Canterbury is a great, easy to reach day trip destination from London, UK. Hop on a train in the morning, spend an afternoon exploring this extremely picturesque student town in Kent filled with stunning architecture, lovely gardens and of course the Canterbury cathedral. For an evening meal take a pick from one of the many pubs and head back to London with a comfortable 90-minute train ride. Or if you have a weekend to spare, there is still plenty left to see and do.
As I’m not known for my early rising habit, but I enjoy like to take my time slowly exploring so when heading out from the London Charing Cross station, the plan is an overnight stay. The horizon is gray and when the train finally heads out it does so in a heavy rainfall.
Say what you will about trains in England (what most people say is that they cost an arm and a leg), but seats are comfortable(ish) and it doesn’t bounce you about a lot. My usually teleportation method, a flask of tea, a box of cookies and a page-turner book works nicely. Halfway through the second book of the Mistborn trilogy I fully expect to be lost to the world until the end of a chapter or when politely asked to leave the transport.
However, even I can’t ignore the reality that the train doesn’t seem to be going any further. With generic delay announcements, the talk among fellow travelers gets louder. Some say that a train ahead got hit by a lightning, others claim that the tracks are flooded. At one point we are asked to leave the train and wait for a replacement bus. After some waiting, we are asked to go back on the train and only an hour after the scheduled time we reach Canterbury.
Delays along the way are an excellent opportunity to strike up a conversation with fellow travelers. First bonding over the weather talk and then bringing up books usually works well for me. Did you know an author of a really cool contemporary book (Scarlett Thomas who wrote “The end of Mr. Y“) are in Canterbury? Well, she is, and I still need to find out which of the churches were an inspiration for Ariel to pinch the holy water from.
A long story short, when reaching the Canterbury East I have a tour guide and an invitation to the university alumni event. The city turns out the be a cute mixture of an old and a modern (new is where bombs landed). Streets are swarming of kids on a school trips learning about a history, an architecture and a mischief.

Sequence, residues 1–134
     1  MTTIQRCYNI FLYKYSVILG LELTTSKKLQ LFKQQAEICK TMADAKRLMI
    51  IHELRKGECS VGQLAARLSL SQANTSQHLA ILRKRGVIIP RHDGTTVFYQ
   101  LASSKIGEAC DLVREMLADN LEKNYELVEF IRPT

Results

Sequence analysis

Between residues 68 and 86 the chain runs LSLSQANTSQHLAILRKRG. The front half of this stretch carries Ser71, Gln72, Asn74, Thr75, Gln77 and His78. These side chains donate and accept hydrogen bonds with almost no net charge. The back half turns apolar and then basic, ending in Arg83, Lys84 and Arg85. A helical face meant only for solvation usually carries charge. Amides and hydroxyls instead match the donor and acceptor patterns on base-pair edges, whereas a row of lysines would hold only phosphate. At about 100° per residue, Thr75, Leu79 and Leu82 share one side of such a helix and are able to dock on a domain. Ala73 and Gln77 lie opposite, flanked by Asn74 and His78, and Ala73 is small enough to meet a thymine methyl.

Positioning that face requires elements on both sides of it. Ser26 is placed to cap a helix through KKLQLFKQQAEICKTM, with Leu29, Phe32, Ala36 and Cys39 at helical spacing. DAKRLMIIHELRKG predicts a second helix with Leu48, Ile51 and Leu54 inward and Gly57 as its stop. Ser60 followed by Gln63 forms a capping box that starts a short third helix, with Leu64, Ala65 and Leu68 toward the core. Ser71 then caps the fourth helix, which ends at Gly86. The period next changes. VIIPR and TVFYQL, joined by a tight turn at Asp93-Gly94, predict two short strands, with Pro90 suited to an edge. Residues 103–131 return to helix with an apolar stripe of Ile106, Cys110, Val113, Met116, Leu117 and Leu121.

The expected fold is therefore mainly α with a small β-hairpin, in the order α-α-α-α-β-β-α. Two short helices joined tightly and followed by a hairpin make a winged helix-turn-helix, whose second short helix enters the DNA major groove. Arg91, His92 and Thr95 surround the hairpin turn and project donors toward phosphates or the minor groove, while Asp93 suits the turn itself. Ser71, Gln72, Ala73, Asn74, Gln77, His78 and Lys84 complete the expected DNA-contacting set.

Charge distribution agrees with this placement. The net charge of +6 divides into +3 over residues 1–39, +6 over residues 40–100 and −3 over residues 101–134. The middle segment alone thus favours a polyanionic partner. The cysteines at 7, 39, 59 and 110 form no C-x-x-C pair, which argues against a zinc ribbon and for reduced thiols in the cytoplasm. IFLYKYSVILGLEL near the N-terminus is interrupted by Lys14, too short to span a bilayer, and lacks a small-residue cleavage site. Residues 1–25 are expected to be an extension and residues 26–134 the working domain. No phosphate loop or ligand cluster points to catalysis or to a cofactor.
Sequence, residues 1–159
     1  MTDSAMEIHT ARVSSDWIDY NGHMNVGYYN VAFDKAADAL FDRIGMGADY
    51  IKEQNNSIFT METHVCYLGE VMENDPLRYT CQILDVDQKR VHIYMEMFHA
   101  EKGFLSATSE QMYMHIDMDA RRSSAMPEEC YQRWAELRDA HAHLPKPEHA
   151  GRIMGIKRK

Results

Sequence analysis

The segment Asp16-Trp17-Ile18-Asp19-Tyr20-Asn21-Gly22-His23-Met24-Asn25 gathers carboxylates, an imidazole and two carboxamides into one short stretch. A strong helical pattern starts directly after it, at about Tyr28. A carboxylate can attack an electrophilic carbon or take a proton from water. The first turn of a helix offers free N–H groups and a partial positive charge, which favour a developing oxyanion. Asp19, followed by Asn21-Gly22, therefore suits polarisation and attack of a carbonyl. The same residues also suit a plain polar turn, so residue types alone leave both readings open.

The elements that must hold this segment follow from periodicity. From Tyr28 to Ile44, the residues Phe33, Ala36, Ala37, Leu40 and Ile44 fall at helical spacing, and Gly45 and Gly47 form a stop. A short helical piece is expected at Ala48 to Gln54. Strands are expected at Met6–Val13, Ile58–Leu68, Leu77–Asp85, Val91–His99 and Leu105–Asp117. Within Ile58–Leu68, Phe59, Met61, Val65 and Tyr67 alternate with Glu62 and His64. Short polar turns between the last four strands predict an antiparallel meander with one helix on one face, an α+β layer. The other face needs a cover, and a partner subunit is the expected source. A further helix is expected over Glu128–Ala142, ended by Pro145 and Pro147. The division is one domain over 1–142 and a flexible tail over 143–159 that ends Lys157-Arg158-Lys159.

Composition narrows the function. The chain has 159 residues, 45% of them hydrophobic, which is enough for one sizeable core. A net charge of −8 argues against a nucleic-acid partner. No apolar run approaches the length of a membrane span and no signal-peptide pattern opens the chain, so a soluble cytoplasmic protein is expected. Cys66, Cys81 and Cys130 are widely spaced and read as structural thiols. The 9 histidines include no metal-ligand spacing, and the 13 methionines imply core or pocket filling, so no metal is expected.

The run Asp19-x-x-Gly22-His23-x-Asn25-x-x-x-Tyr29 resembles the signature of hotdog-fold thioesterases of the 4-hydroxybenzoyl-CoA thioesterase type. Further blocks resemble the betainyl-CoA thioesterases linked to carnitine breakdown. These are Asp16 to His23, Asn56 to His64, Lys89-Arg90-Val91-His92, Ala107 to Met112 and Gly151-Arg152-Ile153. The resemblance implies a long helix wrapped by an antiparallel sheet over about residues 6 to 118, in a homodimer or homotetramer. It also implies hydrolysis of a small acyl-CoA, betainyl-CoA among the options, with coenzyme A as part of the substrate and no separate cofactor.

My self-appointed but knowledgeable guide points out the local building material used for houses and walls, distinct black stones that from a distance reminds me of oyster shells. Closer inspection shows a strange combination of sharp edges and smooth glossy surfaces, flint. Used for a “less important” buildings. Fancier buildings were made of white-yellow sandstone, similar to the ones giving Bath its light looks. It turns out that they actually imported stones from west England and France.
I was given a thorough overview of must-see places in Canterbury. There are a few must-see spots in Canterbury but the best way to experience this vibrant city during a short visit is to pick a few sights from many. This should leave you time to relax and enjoy the atmosphere. Here is my pick:
Four things to do in Canterbury in one day
1. See the Canterbury Cathedral
The Canterbury Cathedral is the most famous local landmark, the tourist attraction and destination of pilgrims in the book “The Canterbury Tales“. Plan a few hours to explore it, the place is huge including also catacombs and gardens. The cathedral interior exhibits also an impressive collection of a modern art, mostly from local authors.
The cathedral is mostly built of imported sandstone. Can you imagine getting an order to move a cathedral’s worth stones “I take enough for one cathedral. Are you sure you haven’t got more? Could you check in the back? You do deliver, right?”
2. Walk along the High Street
Get the feel of the international chaos going on in this vibrant city. The main pedestrian street is generally referred to as the High Street despite it changing name four times along the 800 meters without turning or any notable difference between the sections. Starting from the West gate (a road where people would enter when coming from London) all the way to the clock tower (a local meeting point).
The street is lined with English pubs (you know the ones named after body parts instead of calling it a bar), small shops and museums. Along the way you cross the river, meet (in bronze) Geoffrey Chaucer, the author of a collection of stories from pilgrims in “The Canterbury Tales” and can admire the gorgeous Canterbury library building.
3. The Canterbury Library
The Library in Canterbury is the first publicly funded library in Great Britain, through what is called an innovative interpretation of the Museums Act 1845.
Along with many books and other reading, watching and listening materials the library provides free WiFi and an access to desktop computers. An excellent place to get info about sights to see or have a moment of rest and a cup of tea.
The room is shared with the visitors’ information center and top floors are taken up by a museum section, featuring art, crafts & science galleries free of entrance.
4. Read a book in the Westgate Riverside Gardens
At one end of the High Street you find the West-Gate, a point of entrance to the road from London. Beyond the gate is the Westgate Gardens. On the Great Stour, that forms a central line of the garden gondolas go back and forth, giving couples and small groups a chance to admire surrounding and listen to the gondoliers’ stories about the town and history.
Large bottle-shaped trees, grass fields, and benches make is a great spot for a small rest, read of a grass or a picnic.
Canterbury is a beautiful town, lively with students and visitors. Great for a day trip or a weekend explore for a solo traveler or with a family.